Listen to shittier music

I believe that everyone gets one artist\band at a pivotal time in adolescence that sort of casts the net for our musical preferences. That one band might not exactly be your favorite group, but if you analyzed the style and elements that band\artist had, you’ll find you flocked towards what sounded like it for a time. Even after, it’s elements were capable of tracing in what you went forward into. It’s like the first book you really enjoy; your frame of reference begins here.

In Junior year of high school, Amanda Santillo sent me a few gigs of music over AIM. I’d had a blue iPod mini for about two months and only carried three bands on it, so this was a big change. I didn’t know who any of the artists were, but I was hooked. I’d lay in bed pretending I was asleep with the blue backlight on so I could see how long my battery life might last. It meant I didn’t sleep well, but I knew my music. I was listening to the point that I could play the “guess that song” game from the most obscure parts of songs. I recall sitting for an hour once, guessing 4 and 5 second samples correctly and then being done with it. I had trained my ears to that moment and I trained well.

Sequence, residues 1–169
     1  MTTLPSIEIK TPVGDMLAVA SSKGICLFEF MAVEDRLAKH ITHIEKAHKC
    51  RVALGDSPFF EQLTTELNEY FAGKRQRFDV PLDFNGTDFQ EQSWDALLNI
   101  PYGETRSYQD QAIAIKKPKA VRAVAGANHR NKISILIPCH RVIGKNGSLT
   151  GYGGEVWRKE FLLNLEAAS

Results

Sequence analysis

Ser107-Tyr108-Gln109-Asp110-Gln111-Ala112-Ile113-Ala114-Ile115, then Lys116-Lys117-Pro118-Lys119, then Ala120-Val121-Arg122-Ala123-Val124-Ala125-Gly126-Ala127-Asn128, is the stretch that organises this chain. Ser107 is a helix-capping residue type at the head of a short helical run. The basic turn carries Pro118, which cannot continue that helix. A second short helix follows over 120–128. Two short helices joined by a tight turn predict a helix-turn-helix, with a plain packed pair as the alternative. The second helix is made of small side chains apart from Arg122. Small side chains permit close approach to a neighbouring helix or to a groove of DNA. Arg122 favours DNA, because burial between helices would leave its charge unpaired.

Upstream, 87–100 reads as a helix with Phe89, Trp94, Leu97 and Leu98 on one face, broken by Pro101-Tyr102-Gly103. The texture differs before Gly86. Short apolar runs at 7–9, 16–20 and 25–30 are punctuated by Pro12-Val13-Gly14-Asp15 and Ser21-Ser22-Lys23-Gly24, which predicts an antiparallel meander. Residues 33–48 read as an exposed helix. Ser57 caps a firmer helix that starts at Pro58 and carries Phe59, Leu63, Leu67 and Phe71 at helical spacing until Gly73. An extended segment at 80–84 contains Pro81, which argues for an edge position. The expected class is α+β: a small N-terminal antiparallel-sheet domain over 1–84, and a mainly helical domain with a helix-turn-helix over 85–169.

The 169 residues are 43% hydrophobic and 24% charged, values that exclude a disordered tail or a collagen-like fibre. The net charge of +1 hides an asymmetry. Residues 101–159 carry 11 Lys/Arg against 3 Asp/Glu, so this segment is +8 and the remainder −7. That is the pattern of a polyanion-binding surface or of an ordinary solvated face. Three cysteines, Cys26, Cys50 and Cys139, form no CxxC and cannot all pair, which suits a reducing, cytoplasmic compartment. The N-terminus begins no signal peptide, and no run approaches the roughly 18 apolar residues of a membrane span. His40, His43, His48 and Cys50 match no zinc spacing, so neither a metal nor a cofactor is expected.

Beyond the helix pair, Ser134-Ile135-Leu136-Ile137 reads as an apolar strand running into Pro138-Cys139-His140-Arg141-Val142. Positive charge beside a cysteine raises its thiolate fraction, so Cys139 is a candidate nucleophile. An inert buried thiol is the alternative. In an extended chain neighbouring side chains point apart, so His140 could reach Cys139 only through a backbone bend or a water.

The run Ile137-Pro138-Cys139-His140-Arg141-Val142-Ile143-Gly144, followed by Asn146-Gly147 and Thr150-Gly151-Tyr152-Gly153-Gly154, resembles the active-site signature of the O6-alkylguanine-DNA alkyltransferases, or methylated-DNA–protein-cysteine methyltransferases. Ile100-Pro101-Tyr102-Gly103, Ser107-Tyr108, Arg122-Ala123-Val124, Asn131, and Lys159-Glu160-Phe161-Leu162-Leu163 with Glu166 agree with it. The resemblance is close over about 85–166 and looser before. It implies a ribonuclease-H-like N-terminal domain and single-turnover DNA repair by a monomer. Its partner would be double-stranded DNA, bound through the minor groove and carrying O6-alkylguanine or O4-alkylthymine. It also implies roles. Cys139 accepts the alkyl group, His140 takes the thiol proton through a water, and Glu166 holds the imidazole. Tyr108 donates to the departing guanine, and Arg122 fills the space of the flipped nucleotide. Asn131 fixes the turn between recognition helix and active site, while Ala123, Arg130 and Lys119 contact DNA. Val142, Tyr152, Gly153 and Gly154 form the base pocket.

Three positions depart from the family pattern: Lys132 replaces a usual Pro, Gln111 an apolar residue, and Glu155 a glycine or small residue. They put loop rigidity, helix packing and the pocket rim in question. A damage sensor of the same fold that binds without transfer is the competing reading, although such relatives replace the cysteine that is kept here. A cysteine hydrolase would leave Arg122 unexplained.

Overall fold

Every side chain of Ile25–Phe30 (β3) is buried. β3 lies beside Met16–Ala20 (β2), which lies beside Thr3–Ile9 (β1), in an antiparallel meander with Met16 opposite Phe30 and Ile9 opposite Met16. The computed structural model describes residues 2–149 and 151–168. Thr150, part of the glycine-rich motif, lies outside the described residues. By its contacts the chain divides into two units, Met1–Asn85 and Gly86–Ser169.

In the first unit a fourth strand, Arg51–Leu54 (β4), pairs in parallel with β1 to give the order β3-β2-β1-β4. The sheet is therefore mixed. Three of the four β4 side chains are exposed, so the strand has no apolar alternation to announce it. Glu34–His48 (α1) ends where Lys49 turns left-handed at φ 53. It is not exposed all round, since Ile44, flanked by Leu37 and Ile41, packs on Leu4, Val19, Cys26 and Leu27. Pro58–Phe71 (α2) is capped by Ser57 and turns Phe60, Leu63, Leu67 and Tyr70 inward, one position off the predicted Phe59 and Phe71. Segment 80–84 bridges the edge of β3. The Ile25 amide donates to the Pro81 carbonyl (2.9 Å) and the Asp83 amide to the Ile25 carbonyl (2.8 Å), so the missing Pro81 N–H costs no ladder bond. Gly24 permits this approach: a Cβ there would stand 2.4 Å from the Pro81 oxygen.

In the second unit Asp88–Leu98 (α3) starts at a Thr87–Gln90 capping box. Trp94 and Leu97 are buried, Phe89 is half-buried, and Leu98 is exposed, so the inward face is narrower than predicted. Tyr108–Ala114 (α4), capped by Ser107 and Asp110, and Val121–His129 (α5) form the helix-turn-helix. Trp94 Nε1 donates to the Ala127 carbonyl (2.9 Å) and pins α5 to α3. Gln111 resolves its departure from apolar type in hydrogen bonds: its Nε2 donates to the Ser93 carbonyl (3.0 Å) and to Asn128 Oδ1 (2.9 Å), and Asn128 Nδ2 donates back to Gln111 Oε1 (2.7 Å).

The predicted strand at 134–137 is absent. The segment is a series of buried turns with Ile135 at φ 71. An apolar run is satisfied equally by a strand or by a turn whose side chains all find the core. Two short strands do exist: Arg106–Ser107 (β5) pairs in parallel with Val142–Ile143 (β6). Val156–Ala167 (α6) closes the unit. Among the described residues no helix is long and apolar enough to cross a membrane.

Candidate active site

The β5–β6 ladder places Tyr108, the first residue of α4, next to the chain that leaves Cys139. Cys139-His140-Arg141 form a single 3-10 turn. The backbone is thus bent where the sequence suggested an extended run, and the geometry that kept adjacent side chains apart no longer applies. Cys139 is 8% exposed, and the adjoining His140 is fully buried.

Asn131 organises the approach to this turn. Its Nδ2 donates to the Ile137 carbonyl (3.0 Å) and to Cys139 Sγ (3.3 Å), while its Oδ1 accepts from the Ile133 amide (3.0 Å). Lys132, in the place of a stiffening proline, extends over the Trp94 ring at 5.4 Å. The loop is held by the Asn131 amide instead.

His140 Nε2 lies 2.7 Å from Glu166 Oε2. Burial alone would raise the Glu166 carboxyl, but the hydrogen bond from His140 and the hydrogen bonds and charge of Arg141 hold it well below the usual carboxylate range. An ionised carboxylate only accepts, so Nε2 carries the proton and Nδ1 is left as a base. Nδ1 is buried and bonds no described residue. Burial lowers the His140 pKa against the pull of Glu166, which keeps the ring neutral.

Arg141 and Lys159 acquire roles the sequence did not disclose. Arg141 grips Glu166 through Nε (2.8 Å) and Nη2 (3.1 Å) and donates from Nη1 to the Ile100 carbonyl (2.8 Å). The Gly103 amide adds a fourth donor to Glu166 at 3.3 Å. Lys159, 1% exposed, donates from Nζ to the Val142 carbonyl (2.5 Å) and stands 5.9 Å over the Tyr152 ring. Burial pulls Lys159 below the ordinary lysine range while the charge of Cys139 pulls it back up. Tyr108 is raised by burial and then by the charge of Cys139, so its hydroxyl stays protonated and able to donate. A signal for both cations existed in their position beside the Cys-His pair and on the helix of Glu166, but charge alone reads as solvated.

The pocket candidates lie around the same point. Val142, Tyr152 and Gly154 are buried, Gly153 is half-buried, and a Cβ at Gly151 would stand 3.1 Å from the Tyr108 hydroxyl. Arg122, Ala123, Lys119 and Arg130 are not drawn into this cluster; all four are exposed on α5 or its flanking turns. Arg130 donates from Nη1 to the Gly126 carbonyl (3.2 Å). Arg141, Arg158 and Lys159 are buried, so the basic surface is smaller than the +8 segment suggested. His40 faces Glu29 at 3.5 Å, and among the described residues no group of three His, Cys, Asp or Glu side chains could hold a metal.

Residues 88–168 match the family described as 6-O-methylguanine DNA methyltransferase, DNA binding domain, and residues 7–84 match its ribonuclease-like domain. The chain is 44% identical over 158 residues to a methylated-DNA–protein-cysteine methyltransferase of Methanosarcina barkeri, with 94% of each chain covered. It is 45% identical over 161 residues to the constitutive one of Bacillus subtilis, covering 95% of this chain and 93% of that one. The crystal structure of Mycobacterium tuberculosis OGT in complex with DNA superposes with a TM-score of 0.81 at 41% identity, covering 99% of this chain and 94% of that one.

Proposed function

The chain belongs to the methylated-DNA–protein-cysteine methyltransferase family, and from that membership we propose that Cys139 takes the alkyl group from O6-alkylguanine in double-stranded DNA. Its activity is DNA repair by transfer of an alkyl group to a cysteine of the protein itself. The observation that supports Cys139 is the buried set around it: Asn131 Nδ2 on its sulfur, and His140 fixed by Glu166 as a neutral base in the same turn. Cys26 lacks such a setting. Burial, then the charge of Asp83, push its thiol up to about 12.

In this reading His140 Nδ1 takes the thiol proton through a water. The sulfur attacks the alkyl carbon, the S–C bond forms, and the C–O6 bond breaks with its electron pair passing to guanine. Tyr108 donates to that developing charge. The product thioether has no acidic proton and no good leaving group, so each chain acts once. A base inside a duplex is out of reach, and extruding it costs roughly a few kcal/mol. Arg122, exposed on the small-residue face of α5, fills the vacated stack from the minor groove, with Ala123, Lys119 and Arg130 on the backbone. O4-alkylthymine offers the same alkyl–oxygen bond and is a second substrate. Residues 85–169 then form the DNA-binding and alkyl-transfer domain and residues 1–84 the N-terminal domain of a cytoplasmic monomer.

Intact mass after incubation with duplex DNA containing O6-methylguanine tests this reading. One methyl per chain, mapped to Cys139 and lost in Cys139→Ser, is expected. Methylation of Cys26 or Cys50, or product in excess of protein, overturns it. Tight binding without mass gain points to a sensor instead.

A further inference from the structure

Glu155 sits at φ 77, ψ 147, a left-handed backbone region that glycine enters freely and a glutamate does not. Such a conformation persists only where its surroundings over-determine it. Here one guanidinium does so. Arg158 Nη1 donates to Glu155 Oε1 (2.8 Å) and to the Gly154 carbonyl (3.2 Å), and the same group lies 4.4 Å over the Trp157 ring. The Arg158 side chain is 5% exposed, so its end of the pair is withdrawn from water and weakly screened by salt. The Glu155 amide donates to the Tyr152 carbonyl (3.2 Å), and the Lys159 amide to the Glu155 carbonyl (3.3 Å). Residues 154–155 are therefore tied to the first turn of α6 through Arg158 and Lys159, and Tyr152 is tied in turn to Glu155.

There was something about my youth that enjoyed shocking people. Maybe I needed to not be like everyone else, or maybe I just liked to see that look on people’s faces. Their reactions made me happy. “The Number 12 Looks Like You” aided me in that juvenile goal. Whether it was the unappealing vocals screaming over one another (which I found VERY appealing), the well-composed instrumental work, or just the naming of their songs and the lyrics in them, something sunk it’s teeth into me. With song titles like “The Proud Parents Convention in the ER”, “Don’t Get Blood on my Prada Shoes”, “Clarrisa Explains Cuntainment”, “Like a Cat”, “Sleeping With the Fishes, See?”, and the best cover of “My Sharona” you’ve ever heard, I was enraptured. It had everything I wanted. At the time I opposed the materialism of American capitalism, and they mentioned it just enough to intrigue me. I couldn’t imagine ever being like the kids at my school that got drunk every weekend and thought themselves mature for it. I hardly understood the lyrics myself in retrospect, but what did speak to me was cynical in a way that reassured me. “All these happy kids aren’t paying attention to life”; my teen angst felt vindicated. Likely a contributor to my need for proof and a solid backing argument as I got older, but back then it was just “the truth”. I’d thankfully grown more self-aware with time.